O'er the land of the 'me'
By Steve Roush
Ladies and gentlemen, I’ll never forget the time I was sitting in a night class at grad school more than a decade ago. It was the first evening of class, and the instructor was doing what many an instructor do on the first day of the quarter – he had everyone in the room introduce themselves and say a little bit about themselves as a getting-to-know-you kind of deal.
I honestly can’t remember what I told the class, other than my name was (and still is) Steve Roush and I had a background in newspapers; but what a fellow from India pontificated caught my attention and has stuck in my mind for nearly a dozen years now.
“My name is Arjun (it may or may not be his real name),” he said quietly with a fairly thick accent. “I looked forward to coming to America because I watch the movies and see all the beautiful American people. … Then I get here and find you are all ugly…”
I recall some in the class chuckling somewhat uneasily, and others just looking at each other in disbelief. You could pretty much read their minds: “Did he just say that?!?” or “That guy’s got a lot of nerve…” or “What a (bleep).”
Turns out, he was (and probably still is) pretty much a bleep, but that’s not germane to this week’s offering.
My wife and I don’t watch a ton of television, but when we do watch TV, and there is “nothing on TV,” we sometimes watch the show where a couple of folks are “house hunting” and look at three abodes and choose one.
I find the show particularly amusing because of its predictability. A couple strolls into a house with a Realtor, and when I spy carpeting in the family room (or formal living area, as some call it), I’ll turn to my wife and inform her that one or both of the house hunters will … uh, bicker about the carpeted floor.
“Eh, I don’t know about all this carpet. I want hardwoods. We’ll have to tear all of this out,” one house hunter says. “I don’t like carpet.”
“But this house is already at the top end of our budget,” the other responds, then sternly looks to the realtor. “We were hoping for a house that is move-in ready (or turn-key, as some say).”
Move-in ready?!? Just because a place has carpeting instead of hardwood floors, it’s not move-in ready? You can’t live there?
They migrate to the kitchen, and I know exactly what they are going to complain about next.
“Oh, these aren’t stainless steel (and I swear most call it Stanley steel) appliances, and these aren’t granite countertops, and I don’t like these cabinets. They’ll all have to go and we’ll have to buy all new,” one will say, as the other quickly chimes in, “And look at these floors, I don’t like the color of the tile, so we’ll have to replace that. And the kitchen’s a little small; we might have to knock out a wall. Is this wall load-bearing?”
Yep, unless there is stainless steel, granite, hardwoods and tile, a place is not, apparently, “turn-key.”
After that, the bellyaching proceeds to the bathrooms, the bedrooms, the yard, etc., etc., etc.
“This place is too far from the city, it’s too close to the neighbors, I can’t see the ocean well enough from here, there’s no Jack-and-Jill vanity in the bathroom, I don’t like the color of the walls, there’s no privacy fence, this looks like it was built in the ’90s…” yadda, yadda, yadda. Grumble, groan, growl.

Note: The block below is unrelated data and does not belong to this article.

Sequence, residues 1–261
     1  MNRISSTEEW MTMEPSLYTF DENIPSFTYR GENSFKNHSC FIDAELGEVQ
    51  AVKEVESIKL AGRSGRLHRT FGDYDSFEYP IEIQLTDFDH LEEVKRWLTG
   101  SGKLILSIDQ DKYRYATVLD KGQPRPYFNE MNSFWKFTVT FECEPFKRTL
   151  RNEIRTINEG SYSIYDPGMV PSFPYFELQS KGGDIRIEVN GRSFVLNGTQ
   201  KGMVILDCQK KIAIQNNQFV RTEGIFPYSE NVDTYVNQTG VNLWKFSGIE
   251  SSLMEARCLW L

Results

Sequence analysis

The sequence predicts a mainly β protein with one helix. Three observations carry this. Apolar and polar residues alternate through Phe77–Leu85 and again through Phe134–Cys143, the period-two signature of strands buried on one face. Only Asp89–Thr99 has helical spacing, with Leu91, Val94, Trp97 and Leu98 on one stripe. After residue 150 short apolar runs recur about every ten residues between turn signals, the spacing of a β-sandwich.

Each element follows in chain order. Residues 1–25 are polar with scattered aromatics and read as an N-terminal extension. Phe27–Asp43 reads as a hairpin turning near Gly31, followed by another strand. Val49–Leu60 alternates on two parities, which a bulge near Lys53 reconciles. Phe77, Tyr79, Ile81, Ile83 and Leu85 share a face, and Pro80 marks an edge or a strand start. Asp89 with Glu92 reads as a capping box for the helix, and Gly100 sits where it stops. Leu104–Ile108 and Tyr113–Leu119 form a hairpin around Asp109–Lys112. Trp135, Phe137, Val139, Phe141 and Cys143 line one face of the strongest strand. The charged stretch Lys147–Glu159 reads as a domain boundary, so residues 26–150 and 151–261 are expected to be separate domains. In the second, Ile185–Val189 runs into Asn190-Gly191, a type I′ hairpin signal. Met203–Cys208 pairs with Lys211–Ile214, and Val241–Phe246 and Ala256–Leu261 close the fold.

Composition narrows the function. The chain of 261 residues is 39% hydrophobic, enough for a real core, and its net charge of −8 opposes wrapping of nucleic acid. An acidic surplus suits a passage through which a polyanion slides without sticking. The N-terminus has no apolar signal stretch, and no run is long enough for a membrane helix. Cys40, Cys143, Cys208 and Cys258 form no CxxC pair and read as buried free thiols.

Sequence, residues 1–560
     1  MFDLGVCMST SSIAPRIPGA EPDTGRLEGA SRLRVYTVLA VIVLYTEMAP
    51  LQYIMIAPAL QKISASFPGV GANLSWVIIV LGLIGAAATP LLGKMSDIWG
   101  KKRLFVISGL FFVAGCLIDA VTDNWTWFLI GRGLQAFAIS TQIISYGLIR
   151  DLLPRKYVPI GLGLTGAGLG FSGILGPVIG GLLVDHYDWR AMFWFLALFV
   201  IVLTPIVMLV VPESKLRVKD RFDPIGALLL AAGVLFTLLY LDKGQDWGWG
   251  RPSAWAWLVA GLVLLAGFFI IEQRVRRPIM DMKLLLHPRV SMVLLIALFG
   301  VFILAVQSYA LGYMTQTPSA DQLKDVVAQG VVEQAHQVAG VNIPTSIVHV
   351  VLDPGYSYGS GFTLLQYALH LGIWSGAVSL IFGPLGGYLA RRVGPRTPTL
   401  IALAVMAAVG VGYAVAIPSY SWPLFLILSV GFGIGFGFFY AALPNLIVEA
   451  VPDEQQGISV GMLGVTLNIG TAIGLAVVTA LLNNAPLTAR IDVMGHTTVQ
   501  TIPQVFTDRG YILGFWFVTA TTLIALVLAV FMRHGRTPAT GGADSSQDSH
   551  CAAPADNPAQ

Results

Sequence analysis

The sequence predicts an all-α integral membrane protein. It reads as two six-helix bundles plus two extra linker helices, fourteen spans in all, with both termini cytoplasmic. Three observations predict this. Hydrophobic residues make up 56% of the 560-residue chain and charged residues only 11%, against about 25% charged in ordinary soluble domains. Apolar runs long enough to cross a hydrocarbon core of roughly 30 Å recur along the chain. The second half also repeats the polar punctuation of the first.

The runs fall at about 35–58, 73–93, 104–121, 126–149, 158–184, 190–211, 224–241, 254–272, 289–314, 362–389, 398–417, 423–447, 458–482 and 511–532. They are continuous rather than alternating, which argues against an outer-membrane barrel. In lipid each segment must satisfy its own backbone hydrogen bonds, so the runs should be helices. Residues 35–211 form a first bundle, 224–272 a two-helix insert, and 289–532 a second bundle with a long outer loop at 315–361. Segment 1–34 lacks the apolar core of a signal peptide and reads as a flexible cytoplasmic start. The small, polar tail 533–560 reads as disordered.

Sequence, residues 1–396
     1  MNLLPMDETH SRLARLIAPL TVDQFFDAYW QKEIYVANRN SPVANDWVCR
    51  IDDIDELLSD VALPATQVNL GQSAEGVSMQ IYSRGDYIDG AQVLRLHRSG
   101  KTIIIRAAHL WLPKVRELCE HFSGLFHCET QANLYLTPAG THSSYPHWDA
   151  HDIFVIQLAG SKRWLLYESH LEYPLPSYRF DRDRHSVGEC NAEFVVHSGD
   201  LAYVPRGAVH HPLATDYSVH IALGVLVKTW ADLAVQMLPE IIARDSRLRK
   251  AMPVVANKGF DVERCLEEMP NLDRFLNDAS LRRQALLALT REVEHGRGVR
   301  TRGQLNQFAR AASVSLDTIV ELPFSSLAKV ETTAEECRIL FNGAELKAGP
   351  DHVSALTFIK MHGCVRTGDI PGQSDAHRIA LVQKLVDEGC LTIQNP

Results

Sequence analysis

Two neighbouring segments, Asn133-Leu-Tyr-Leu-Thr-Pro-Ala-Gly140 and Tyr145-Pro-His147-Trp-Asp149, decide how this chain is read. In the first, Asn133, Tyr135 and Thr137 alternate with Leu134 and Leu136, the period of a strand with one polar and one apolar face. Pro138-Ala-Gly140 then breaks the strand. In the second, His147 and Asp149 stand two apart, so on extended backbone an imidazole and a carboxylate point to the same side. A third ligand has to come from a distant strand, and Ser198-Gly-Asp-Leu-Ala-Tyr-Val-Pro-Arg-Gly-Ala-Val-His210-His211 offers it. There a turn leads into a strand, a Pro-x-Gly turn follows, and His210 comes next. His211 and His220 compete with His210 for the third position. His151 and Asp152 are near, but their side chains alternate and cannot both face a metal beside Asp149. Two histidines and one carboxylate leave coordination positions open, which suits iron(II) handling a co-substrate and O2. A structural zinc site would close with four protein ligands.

I can only watch about two shows in a row before I begin to grouse. By that time, I want to jump through the TV and tell these bickering house hunters, “Don’t you think Realtors want to sell houses? Don’t you think they can show you a home that has everything you want? You’re the ones who set the parameters here (budget, location, etc.), you bellyachers.”
It appears so many these days want it all, and they want it all right now, or yesterday, if possible.
On Sunday morning, Helen and I heard a message from a missionary who is a native of North Korea. He spoke of how so many of his people are persecuted, sold as slaves, are starving, are told what to believe and are often killed if their beliefs differ from the country and society “norm.”
He spoke of how all of this is going on right now. Meanwhile, across the pond, so many continue to bicker and moan that they don’t have absolutely everything they desire.
Maybe that’s why so many foreigners despise Americans. Perhaps that’s why they think we’re “ugly.”
Now, of course, this isn’t a referendum or a generality that encompasses everyone. On the contrary, I know so many good, hard-working, patient folks who will go out of their way to help their neighbor, to assist their fellow man. But this me-first, I-want-it-all-right-now mentality does seems to be a growing and troubling trend.
Maybe that’s why so many don’t seem to care that our government keeps piling up the debt – it’s not their problem at the moment.
Maybe that’s why so many don’t mind that our freedoms are slowly getting stripped away – it doesn’t really affect them too much at the moment.
Maybe that’s why so many simply don’t care. As long as it doesn’t affect their comfy, cozy lives, it just doesn’t matter. At all.
I’ve spoken with so many veterans over the years who have fought to help preserve the freedoms we enjoy and sometimes take for granted. I’ve seen their tears, I can only imagine what some have witnessed as I looked into their eyes.
I’ve never seen any of them bicker about trivial things, about what they don’t have. I’ve never seen a missionary bicker about granite countertops or large, turn-key homes with oceanfront views.
I could be totally wrong, but I fear if the land of the free keeps morphing into the land of the “me,” it won’t be long before the America of tomorrow looks nothing like the America of today or yesterday.
Steve Roush is a publisher and editor and a columnist and contributing writer for The Highland County Press.